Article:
I wonder how these would cope with snow and ice?


I did a double-take when I saw this photograph on MeWe of a modern interpretation (complete with stiletto heels) of a pair of sabatons.  Click the image for a larger view.

Sabatons were part of military armor for centuries, evolving from the pointed style shown (sometimes called sollerets) to a flatter, blunt-toed style in the sixteenth century.  They were de rigeur for knights, and also worn by men-at-arms (usually of the gentlemanly class) who could afford them, or captured them from an enemy. (A good suit of armor would cost many years’ wages for a peasant or common soldier, so they had to make do with padded cloth and leather.)

It’s amusing to look at those modern works of “fashion” while imagining someone trying to walk in them down an icy, snowy sidewalk.  I reckon the slipping and sliding would be epic!  However, I tried to imagine what it must have been like to actually fight in them (without the stiletto heels, of course).  On horseback they’d be essential to protect the wearer’s foot from blows delivered by infantrymen trying to stop him;  but if the knight fought on the ground (as was common in, for example, the Wars of the Roses), that same slipperiness would have made them more of a liability than an asset in wet or muddy conditions.  How would they – how did they – keep their footing?

I can see them being left off in favor of heavy leather boots for fighting on foot, because for an enemy to bend down to strike at one’s feet would leave them very vulnerable to a counter-stroke;  but I can also see that other battlefield hazards (e.g. sharp caltrops scattered by an enemy, or spears wielded by footmen) would render boots as dangerous as sabatons for their wearer.  Also, what if one had to fight first on horseback (e.g. in a charge), then on foot if one’s horse was injured or killed?  The sabatons might change from an asset to a liability in a matter of seconds.

I simply don’t know.  I’ve read something of the period, but not enough to be able to answer my mental questions.  What about you, readers?  Has anyone gone into this subject in more detail, to provide us with a better answer?  If so, please let us know in Comments.  Thanks!



  1. Actually, stilettos were brilliant on an icy sidewalk. Just stepped carefully and planted the heel in the ice like a crampon with every step. Worked like a charm. No, didnt plan it; freezing rain during Christmas mass. Came out to a glaze of ice.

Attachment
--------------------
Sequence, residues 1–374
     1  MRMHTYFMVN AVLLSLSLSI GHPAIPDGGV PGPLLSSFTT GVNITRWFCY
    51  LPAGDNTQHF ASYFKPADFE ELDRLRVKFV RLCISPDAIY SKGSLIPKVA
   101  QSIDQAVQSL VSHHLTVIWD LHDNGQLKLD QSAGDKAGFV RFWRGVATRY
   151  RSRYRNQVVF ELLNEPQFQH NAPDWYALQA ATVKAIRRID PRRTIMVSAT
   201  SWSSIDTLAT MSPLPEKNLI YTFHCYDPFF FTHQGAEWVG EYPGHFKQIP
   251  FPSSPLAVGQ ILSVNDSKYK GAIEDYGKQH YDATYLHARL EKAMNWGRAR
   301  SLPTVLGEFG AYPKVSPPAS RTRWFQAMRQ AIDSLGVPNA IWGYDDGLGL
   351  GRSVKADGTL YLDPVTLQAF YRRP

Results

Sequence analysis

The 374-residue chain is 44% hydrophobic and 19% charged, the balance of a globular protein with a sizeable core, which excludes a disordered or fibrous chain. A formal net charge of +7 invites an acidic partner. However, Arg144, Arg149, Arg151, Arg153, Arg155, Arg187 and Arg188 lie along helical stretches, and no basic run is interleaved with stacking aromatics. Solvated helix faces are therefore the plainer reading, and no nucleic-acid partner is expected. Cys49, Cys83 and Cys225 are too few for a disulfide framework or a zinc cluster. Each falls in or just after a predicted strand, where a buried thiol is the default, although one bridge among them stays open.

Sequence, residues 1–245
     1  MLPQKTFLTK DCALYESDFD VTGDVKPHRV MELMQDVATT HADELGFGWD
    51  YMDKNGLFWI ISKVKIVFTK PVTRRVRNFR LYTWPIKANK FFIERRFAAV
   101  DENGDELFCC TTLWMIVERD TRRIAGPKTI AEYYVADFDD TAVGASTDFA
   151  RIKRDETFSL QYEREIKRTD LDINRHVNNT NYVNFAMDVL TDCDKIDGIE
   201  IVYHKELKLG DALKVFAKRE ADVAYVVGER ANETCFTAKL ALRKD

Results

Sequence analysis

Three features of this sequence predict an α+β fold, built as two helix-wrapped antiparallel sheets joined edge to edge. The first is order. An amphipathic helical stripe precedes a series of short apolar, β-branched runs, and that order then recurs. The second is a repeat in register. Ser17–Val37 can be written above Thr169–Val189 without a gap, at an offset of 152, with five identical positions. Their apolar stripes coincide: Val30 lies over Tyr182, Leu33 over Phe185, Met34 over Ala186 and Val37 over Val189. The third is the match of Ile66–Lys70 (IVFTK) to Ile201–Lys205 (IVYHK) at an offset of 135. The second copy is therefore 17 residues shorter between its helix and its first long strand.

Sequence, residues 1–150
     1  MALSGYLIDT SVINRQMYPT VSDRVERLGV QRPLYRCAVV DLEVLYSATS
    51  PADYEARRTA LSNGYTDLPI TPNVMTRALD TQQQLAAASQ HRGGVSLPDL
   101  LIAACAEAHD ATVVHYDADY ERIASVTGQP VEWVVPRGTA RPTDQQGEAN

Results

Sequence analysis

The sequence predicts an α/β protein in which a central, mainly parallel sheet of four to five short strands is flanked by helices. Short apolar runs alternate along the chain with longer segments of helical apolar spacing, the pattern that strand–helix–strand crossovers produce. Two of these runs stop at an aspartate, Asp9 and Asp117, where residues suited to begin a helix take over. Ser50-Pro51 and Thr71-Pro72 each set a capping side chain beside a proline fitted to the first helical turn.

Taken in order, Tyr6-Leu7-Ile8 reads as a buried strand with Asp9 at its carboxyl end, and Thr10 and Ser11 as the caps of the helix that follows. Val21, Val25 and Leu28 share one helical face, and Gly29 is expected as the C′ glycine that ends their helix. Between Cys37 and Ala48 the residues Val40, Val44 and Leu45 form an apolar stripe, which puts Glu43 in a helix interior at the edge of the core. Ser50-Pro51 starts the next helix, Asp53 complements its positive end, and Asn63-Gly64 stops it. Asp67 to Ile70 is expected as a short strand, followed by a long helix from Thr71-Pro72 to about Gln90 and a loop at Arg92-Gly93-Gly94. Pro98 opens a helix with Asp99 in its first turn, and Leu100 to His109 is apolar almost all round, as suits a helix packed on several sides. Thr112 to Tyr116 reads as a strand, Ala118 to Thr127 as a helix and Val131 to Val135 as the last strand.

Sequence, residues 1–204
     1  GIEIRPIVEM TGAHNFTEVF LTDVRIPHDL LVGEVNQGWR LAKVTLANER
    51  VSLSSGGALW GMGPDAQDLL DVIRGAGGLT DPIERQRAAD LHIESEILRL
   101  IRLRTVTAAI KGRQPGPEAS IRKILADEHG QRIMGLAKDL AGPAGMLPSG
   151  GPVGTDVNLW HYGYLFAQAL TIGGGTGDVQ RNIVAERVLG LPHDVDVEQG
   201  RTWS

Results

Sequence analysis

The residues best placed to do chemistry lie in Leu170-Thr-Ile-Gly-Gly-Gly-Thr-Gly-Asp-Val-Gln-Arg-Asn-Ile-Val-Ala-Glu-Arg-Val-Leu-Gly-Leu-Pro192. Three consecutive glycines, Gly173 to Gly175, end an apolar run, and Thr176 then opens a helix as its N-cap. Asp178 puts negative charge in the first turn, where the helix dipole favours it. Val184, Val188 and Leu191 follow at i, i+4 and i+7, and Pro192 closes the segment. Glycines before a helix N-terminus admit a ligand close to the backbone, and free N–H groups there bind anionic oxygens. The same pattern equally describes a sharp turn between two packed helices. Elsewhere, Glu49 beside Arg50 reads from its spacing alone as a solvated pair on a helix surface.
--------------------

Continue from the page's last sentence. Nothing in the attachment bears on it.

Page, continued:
2. Peter look at what the skaters use after their ice routine.

    While the paintings show shining armor, they had leather boots over their Sabatons as they had to walk from the Armorers up onto the Horse.

    No Stilettos though I suspect 🙂

  3. The armor appears to have been a fashion statement: "I am a Rider and have no need to walk on the soil." I know that the civil dress leather and fabric footwear had its toes tied back to just below the knee; presumably the armor sollarets were similarly lashed up.

  4. My understanding is that armor was designed for horseback use and to get unhorsed in battle was pretty much a death sentence.
    Half armor and mail were much more common, and much cheaper, than full plate armor.

  5. Hi Peter,

    I think you may have a misconception that the sabaton is itself a whole shoe with a sole of metal. This is not the case – they are merely a shoe cover that protects the top of the shod foot, and do not hinder the wearer from walking in any conditions. Here is a relevant video from the excellent "Knyght Errant" channel by Ian Lespina, who is to medieval armor what a certain other Ian is to firearms.

  6. Not knowing much about Knight riders, I would hazard a guess that a slightly (at least) pointed boot would help them to get their foot into the stirrup. Especially if it slipped out in battle.

    Also, I wonder if foot soldiers may have worn something like wooden clogs. They would seem to be a cheaper way to protect the feet than iron.

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